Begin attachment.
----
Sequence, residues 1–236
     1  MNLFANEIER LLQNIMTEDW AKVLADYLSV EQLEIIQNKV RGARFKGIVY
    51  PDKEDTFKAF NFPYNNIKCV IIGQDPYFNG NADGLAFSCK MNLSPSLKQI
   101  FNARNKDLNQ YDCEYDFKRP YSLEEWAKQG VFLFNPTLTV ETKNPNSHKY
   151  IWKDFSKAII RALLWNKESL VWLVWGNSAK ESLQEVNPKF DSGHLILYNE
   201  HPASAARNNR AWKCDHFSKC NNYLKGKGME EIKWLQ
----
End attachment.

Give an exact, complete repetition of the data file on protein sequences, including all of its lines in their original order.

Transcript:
Sequence, residues 1–236
     1  MNLFANEIER LLQNIMTEDW AKVLADYLSV EQLEIIQNKV RGARFKGIVY
    51  PDKEDTFKAF NFPYNNIKCV IIGQDPYFNG NADGLAFSCK MNLSPSLKQI
   101  FNARNKDLNQ YDCEYDFKRP YSLEEWAKQG VFLFNPTLTV ETKNPNSHKY
   151  IWKDFSKAII RALLWNKESL VWLVWGNSAK ESLQEVNPKF DSGHLILYNE
   201  HPASAARNNR AWKCDHFSKC NNYLKGKGME EIKWLQ